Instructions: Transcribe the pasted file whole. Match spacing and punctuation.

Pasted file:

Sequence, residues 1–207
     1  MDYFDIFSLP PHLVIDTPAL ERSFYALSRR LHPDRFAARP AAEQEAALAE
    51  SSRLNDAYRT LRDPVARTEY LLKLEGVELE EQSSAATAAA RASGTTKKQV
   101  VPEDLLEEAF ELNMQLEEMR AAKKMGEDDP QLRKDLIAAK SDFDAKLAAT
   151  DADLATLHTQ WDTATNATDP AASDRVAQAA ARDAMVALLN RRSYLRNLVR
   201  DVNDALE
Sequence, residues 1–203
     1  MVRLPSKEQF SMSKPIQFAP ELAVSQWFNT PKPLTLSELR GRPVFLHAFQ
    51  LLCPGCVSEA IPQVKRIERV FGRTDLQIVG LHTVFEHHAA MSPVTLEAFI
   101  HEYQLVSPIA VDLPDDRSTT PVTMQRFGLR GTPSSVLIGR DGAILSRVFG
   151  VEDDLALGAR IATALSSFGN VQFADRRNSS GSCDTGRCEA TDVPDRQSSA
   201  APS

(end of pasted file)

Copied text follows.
Sequence, residues 1–207
     1  MDYFDIFSLP PHLVIDTPAL ERSFYALSRR LHPDRFAARP AAEQEAALAE
    51  SSRLNDAYRT LRDPVARTEY LLKLEGVELE EQSSAATAAA RASGTTKKQV
   101  VPEDLLEEAF ELNMQLEEMR AAKKMGEDDP QLRKDLIAAK SDFDAKLAAT
   151  DADLATLHTQ WDTATNATDP AASDRVAQAA ARDAMVALLN RRSYLRNLVR
   201  DVNDALE
Sequence, residues 1–203
     1  MVRLPSKEQF SMSKPIQFAP ELAVSQWFNT PKPLTLSELR GRPVFLHAFQ
    51  LLCPGCVSEA IPQVKRIERV FGRTDLQIVG LHTVFEHHAA MSPVTLEAFI
   101  HEYQLVSPIA VDLPDDRSTT PVTMQRFGLR GTPSSVLIGR DGAILSRVFG
   151  VEDDLALGAR IATALSSFGN VQFADRRNSS GSCDTGRCEA TDVPDRQSSA
   201  APS